The data shown below were collected from the profiles of 14 tweeters who shared this research output. Click here to find out more about how the information was compiled.

Mendeley readers

The data shown below were compiled from readership statistics for 96 Mendeley readers of this research output. Click here to see the associated Mendeley record.

Geographical breakdown

Country Count As %
Netherlands 1 1%
Unknown 95 99%

Demographic breakdown

Readers by professional status Count As %
Student > Bachelor 18 19%
Student > Master 17 18%
Researcher 16 17%
Unspecified 13 14%
Student > Ph. D. Student 8 8%
Other 24 25%
Readers by discipline Count As %
Medicine and Dentistry 43 45%
Unspecified 20 21%
Nursing and Health Professions 8 8%
Agricultural and Biological Sciences 7 7%
Economics, Econometrics and Finance 4 4%
Other 14 15%

Attention Score in Context

This research output has an Altmetric Attention Score of 11. This is our high-level measure of the quality and quantity of online attention that it has received. This Attention Score, as well as the ranking and number of research outputs shown below, was calculated when the research output was last mentioned on 30 October 2016.
All research outputs
#1,485,433
of 13,622,513 outputs
Outputs from Cochrane database of systematic reviews
#4,086
of 10,684 outputs
Outputs of similar age
#45,768
of 356,161 outputs
Outputs of similar age from Cochrane database of systematic reviews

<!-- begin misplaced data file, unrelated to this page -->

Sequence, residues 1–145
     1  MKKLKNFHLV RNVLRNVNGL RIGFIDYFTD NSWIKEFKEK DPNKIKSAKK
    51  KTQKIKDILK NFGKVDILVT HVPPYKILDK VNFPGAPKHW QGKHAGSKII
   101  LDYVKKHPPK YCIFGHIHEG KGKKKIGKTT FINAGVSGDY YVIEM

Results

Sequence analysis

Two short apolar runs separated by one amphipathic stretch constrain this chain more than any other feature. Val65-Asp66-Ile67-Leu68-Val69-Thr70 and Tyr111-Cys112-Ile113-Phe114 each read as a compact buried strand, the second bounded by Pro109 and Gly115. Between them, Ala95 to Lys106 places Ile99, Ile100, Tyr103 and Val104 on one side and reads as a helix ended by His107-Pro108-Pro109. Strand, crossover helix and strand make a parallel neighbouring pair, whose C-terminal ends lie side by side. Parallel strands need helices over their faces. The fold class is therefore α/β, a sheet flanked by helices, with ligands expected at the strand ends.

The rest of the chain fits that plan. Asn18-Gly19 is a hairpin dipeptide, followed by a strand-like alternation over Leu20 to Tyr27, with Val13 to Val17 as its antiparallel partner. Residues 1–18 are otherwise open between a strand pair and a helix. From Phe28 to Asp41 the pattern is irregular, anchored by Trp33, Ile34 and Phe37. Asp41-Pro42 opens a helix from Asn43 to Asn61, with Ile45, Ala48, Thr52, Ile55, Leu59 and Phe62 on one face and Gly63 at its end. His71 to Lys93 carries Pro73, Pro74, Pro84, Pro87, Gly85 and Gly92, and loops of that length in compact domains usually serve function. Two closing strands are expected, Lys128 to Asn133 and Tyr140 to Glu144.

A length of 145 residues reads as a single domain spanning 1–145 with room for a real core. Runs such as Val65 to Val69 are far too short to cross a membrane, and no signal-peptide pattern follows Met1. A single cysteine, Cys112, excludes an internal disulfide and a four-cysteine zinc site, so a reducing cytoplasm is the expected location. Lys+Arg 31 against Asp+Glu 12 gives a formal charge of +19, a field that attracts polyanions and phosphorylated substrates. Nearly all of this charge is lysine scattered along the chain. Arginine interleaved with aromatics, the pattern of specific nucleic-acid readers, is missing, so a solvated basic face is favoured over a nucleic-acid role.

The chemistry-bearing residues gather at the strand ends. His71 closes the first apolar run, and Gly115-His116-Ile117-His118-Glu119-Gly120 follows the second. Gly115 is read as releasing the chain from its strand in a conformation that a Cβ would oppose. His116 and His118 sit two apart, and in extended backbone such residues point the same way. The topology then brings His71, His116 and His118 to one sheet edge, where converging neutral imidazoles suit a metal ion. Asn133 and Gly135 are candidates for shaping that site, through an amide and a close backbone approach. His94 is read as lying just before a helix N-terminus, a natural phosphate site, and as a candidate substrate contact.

#121
of 217 outputs
Altmetric has tracked 13,622,513 research outputs across all sources so far. Compared to these this one has done well and is in the 89th percentile: it's in the top 25% of all research outputs ever tracked by Altmetric.
So far Altmetric has tracked 10,684 research outputs from this source. They typically receive a lot more attention than average, with a mean Attention Score of 21.1. This one has gotten more attention than average, scoring higher than 61% of its peers.
Older research outputs will score higher simply because they've had more time to accumulate mentions. To account for age we can compare this Altmetric Attention Score to the 356,161 tracked outputs that were published within six weeks on either side of this one in any source. This one has done well, scoring higher than 87% of its contemporaries.
We're also able to compare this research output to 217 others from the same source and published within six weeks on either side of this one. This one is in the 44th percentile – i.e., 44% of its contemporaries scored the same or lower than it.